every surface trace of the structures had been obliterated. The great wall which surrounded the fort, as well as the ruins it enclosed, would provide a convenient quarry, and it seems not improbable that when King David built his great Abbey at Melrose he found some of his material at Newstead. The stone used by the Romans was for the most part the red sandstone of which the Abbey is built. It is said to have come from the quarry at Dryburgh, some three miles further down the Tweed.

We know that the spoil of ancient buildings was too often employed in the manner suggested. The Roman stones of St. Wilfrid's crypt at Hexham and the altar of the Rhaetian Spearmen in the tower stair at Jedburgh are well-known examples. Further, although no stone showing any trace of an inscription, or of a characteristically Roman dressing, appears to have been found at Melrose, there is one ancient tradition which may be held to strengthen the theory. The village of Newstead, which lies close to the fort on the west, has always been celebrated for its masons. The old thatched houses, many of which have been swept away in the last twenty years, were rich in sundials and small ornamented details of stone work. Here, according to the local tradition, lived the workmen who built the Abbey, and here certainly there was long ago established a Lodge of Freemasons which, though its early muniments have been lost, claims to have been founded at a distant period. The mason tradition has not attached itself to any of the other little communities that grew up around the Abbey, and there is thus good ground for believing that the connection of the craft with the village owed its origin to the proximity of the ruined fort.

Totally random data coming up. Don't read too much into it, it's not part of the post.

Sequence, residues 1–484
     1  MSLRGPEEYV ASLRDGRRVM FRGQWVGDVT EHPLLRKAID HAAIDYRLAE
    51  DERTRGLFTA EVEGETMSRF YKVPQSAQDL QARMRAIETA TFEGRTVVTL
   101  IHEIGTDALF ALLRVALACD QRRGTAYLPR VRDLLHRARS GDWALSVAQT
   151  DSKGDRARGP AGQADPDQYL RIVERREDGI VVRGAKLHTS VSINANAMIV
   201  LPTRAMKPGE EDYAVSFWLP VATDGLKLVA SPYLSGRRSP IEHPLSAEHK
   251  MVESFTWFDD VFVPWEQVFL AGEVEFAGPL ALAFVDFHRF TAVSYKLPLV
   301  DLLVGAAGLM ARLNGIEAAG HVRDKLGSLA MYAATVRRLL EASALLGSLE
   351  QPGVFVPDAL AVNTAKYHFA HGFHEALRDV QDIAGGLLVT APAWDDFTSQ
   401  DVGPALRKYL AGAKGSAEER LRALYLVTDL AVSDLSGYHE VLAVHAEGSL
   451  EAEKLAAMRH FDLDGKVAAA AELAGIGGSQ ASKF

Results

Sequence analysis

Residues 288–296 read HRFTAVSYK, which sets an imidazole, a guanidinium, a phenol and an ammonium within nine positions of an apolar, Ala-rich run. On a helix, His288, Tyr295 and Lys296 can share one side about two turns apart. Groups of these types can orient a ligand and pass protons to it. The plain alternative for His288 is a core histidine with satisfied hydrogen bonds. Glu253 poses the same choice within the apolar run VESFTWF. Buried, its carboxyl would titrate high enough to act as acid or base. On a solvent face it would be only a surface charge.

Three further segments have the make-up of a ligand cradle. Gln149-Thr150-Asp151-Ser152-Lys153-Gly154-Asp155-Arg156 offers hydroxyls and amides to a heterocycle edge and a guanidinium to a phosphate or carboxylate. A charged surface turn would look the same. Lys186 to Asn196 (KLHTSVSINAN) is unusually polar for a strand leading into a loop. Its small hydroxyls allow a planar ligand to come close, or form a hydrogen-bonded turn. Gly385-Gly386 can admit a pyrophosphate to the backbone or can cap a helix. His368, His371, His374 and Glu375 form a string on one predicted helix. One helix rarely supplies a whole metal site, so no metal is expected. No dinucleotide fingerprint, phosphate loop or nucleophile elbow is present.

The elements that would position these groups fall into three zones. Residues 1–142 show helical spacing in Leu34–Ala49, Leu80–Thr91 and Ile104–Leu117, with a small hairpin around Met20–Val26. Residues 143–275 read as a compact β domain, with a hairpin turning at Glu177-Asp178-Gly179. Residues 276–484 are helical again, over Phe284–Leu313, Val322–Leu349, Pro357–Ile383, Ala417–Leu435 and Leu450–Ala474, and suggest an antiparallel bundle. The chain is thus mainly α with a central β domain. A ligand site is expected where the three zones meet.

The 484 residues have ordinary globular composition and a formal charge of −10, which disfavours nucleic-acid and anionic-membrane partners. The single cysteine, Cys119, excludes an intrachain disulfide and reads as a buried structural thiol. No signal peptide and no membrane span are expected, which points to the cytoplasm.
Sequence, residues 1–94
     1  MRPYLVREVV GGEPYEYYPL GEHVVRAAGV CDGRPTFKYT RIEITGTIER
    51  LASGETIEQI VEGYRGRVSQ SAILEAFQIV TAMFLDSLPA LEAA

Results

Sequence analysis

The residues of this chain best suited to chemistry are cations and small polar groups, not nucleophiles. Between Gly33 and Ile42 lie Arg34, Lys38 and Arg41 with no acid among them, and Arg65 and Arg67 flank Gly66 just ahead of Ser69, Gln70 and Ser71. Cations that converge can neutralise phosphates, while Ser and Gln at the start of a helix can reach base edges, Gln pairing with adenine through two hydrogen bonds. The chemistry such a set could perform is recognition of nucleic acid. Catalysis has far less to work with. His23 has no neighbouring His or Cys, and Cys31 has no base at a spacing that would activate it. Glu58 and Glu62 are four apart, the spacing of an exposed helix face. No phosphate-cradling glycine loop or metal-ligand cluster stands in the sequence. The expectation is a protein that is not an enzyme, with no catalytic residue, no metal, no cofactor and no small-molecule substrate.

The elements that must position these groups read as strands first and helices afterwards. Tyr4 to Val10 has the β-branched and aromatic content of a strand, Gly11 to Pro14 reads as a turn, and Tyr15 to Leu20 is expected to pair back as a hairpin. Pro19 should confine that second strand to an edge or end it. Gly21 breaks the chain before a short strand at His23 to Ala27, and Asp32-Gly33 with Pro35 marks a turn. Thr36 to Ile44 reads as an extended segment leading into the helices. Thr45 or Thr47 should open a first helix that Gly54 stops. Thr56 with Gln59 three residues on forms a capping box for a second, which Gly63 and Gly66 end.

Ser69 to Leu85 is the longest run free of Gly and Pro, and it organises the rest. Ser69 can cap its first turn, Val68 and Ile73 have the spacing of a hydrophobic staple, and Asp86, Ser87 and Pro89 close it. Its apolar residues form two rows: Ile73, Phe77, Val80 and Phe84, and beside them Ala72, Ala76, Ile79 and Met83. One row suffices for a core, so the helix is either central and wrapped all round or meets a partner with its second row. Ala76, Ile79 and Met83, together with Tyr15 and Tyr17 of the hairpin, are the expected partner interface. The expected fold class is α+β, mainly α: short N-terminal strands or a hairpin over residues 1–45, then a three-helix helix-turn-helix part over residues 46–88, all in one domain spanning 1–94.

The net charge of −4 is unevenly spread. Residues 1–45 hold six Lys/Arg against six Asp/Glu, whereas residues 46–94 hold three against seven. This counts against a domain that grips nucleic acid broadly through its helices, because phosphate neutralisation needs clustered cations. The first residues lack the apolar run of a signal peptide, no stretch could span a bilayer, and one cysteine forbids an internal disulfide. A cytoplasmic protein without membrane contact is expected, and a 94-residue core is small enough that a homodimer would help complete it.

Earlier Discoveries

The first notable find of which we have any definite account was made in 1783, when an altar was discovered in the field immediately to the east of the Red Abbeystead. It bears a dedication to the Campestres of an Ala of Vocontian Cavalry, and is preserved in the National Museum of Antiquities. A second altar, which is now in the possession of Sir Alexander Leith-Buchanan, Bart., a descendant of a former proprietor of the ground, at Ross Priory, Dumbartonshire, came to light in 1830 in a field to the south-east of the Red Abbeystead. It is a dedication to the god Silvanus by a centurion of the Twentieth Legion. In 1846 the formation of the main line of the North British Railway on the south led to the opening up of a number of Roman rubbish pits containing pottery and other relics.